World Bulletin / News Desk
According to the source, Interior Minister Magdi Abdel Ghaffar has instructed security agencies to maintain a state of high alert with a view to securing more than 11,000 polling stations and offices nationwide.
The same source, speaking anonymously due to restrictions on talking to media, said that all vacations for police officers and security personnel had been cancelled until the polling was over.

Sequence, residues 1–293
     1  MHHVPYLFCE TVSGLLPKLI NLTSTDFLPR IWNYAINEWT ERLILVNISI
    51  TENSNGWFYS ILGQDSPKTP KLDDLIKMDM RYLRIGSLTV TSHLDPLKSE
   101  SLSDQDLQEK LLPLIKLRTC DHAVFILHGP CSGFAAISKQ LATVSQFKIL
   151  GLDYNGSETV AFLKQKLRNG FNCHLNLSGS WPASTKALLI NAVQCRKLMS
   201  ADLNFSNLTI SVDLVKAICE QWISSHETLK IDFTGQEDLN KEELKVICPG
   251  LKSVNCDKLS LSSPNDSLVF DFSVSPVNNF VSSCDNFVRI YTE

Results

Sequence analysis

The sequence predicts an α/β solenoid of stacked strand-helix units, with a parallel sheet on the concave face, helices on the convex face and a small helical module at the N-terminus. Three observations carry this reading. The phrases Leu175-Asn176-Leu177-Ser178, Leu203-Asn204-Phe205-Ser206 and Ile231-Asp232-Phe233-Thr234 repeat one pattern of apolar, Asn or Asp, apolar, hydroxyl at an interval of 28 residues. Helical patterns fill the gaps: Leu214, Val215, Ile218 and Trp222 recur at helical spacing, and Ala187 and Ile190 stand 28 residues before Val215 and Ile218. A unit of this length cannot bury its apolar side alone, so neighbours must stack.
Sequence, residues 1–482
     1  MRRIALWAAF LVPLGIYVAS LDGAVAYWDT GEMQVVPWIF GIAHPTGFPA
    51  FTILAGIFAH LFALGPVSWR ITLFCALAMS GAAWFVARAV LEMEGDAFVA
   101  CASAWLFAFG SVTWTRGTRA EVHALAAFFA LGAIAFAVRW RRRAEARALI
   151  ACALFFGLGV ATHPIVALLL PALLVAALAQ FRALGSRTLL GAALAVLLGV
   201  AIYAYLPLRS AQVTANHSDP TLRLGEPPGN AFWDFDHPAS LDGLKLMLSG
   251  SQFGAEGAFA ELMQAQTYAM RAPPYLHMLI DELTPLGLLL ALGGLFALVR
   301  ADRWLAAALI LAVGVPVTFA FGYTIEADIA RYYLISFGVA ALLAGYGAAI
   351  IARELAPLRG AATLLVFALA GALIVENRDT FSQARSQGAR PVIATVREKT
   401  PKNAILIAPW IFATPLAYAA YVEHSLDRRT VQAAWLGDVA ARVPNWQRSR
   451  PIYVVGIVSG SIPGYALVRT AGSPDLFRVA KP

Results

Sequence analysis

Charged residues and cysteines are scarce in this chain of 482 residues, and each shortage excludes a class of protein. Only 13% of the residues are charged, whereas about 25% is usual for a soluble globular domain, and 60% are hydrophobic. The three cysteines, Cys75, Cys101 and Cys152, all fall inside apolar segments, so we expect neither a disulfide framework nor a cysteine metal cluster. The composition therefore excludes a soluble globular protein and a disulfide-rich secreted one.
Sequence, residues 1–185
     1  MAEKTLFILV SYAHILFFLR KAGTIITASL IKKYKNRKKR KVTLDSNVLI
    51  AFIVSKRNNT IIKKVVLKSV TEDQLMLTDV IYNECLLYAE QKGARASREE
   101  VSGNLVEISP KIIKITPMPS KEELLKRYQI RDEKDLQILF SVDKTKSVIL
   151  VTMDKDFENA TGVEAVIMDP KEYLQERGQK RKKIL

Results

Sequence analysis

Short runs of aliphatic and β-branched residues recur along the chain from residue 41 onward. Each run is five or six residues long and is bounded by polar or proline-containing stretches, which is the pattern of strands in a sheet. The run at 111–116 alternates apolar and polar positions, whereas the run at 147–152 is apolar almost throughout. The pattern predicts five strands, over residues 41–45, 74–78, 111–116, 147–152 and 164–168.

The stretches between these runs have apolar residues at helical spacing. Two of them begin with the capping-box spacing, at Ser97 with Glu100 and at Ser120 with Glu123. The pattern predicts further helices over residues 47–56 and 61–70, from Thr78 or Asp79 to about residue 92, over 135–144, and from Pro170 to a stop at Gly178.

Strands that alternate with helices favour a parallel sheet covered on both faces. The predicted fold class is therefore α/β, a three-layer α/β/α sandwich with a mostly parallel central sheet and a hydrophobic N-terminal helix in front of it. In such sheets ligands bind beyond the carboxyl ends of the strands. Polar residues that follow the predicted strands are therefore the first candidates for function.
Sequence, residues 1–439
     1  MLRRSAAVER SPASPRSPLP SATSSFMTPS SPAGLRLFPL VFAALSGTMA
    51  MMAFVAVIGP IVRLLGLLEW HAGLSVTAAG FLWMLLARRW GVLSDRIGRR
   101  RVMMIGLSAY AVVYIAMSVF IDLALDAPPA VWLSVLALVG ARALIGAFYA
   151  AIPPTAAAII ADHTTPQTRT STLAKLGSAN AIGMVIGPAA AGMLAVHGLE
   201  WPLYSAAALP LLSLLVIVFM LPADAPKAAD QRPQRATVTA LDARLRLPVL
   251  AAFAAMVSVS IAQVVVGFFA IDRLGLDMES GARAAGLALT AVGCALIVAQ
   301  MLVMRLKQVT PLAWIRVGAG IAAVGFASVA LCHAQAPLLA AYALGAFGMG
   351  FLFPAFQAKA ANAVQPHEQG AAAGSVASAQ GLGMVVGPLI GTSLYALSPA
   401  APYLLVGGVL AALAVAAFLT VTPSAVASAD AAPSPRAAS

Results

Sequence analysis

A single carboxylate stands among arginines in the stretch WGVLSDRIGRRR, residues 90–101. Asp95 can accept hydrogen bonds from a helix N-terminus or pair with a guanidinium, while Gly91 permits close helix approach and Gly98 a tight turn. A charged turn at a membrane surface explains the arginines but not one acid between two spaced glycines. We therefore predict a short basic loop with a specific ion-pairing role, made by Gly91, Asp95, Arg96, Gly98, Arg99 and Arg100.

The interior minister, the source added, had also ordered authorities to reinforce army checkpoints across the country and step up security at Egypt’s border crossings.
Slated for March 26 to 28, the polls will see incumbent President Abdel Fattah al-Sisi face off against Musa Mustafa Musa, the leader of a little-known liberal party.
Most observers expect al-Sisi to win by a landslide.
In the weeks leading up to the election, several would-be presidential contenders -- including a popular ex-army chief -- were effectively sidelined.
A former defense minister, al-Sisi spearheaded a 2013 military coup that unseated Egypt's first freely elected president and Muslim Brotherhood leader Mohamed Morsi.